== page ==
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  • AdamHopkinson

Here I Go Again On My Own.

No, not the lyrics to the 1982 Whitesnake classic...Some observations from going out alone.


My consultancy has been live and kicking for 11 months now and I'm learning all the time - I thought I'd share some observations.


  • Productise what you have as much as possible - not all solutions are bespoke, nor do they need to be.

  • Move away from day rates into projects as quickly as possible.

  • Differentiate your offering, you’re probably not a consultant more a hired gun - establish your niche.

  • Develop your high ticket item offering which will be a function of your niche.

  • Learn quickly what VAT really means - you can get quite a lot of VATable outgoings back!

  • Learn as much as you can - in the last 12 months I’ve qualified from a course at Oxford University and started an MBA, if you pick the right things your learning can be immediately applied and add value to your offering.

  • Focus meetings into a specific day so you can spend longer periods of consecutive time delivering on what has been asked for. I use Mondays and Tuesdays for meetings wherever possible, and spend the rest of the week focusing on deliverables.

  • Don’t accept “skin in the game deals” - unless they are upside, they’re open to interpretation. Be clear on KPIs from the start.

  • You need to market yourself - “Build it and they will come” isn’t the case any more, get your site right, advertise on google and LinkedIn and be visible (and audible - I’ve recorded a series of podcasts).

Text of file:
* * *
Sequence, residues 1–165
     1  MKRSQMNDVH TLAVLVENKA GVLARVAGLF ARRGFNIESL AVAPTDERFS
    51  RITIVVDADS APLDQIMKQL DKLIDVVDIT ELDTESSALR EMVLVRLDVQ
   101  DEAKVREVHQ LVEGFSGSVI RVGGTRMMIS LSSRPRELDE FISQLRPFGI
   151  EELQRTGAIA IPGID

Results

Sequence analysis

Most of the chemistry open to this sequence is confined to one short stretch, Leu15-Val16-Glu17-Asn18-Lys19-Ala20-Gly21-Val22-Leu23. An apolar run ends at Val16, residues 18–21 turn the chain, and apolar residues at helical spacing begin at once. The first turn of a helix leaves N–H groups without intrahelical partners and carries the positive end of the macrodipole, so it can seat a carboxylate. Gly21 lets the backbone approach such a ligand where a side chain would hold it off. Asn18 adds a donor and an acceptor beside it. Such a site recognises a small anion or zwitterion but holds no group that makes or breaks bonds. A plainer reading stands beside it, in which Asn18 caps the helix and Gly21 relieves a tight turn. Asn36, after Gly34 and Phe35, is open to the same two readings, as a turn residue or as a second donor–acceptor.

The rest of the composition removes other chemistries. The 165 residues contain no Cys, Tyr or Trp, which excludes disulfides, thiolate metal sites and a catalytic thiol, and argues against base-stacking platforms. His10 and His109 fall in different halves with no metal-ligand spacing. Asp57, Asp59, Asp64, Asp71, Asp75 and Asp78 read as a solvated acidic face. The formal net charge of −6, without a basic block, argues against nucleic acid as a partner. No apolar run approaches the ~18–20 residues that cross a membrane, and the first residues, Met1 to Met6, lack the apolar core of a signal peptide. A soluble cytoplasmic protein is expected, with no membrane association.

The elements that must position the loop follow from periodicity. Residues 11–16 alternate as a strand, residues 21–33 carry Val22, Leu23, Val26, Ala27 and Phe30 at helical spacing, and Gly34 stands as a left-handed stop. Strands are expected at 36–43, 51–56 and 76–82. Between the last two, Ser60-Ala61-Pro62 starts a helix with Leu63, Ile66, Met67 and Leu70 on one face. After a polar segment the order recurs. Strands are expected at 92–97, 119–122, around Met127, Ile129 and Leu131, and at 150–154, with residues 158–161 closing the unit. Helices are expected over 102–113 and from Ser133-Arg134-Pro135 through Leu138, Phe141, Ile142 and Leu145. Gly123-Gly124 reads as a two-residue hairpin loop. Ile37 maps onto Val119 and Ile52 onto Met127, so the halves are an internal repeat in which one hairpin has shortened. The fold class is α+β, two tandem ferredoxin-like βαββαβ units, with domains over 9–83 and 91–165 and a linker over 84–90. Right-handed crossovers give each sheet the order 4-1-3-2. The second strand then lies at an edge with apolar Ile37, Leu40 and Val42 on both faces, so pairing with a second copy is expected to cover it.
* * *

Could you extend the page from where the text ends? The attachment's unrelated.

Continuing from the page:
• Put 20% of your time aside for business development.

  • Listen to advice you’re given, and more importantly feedback - ask for lots of it.

  • Put everything you have in the cloud and make it accessible from wherever you may be.

  • Build a network of people in exactly the same boat, contemporary advice is as good as veteran (and both perspectives are important).

  • Put aside a day a month to do invoicing (creating and chasing), expenses, tax accrual and relevant payments.

  • Get an accountant for your year end - most of the day to day accounting you can do yourself

  • Keep simple, clear agreements and manage scope-creep.

  • Stay positive, there is opportunity (and good-will) everywhere.

  • Go to the gym, you need a release, I never thought i’d say this, but i’m now ready for a half marathon this weekend!

  • You need the support of your family, make sure they understand what you’re doing - they are vested in this too.

  • You need an independent and neutral sounding board - a coach, a mentor or a counsellor.

  • Follow up on everything!

  • Do the right thing.


It is generally a great experience but that said there are some annoyances (that you can mitigate for a bit)


The most annoying thing is being ghosted - being asked to write proposals that you never hear back from. Its rude, but it happens, you’re going to have to deal with it! Just make sure its not too often!


If you come in for meetings that cancel on the day, it is infuriating, but you always have admin to catch up on or you could write something…


Invoice chasing is annoying, but worse are the excuses. learn from this and pay anyone who supplies you on time. Prompt payment goes a really long way!


Thanks for taking the time to read


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Kemp House, City Road, London, United Kingdom, EC1V 2NX

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Tel: +447944380323

Tel: 07944380323

ah@ldtrt.com

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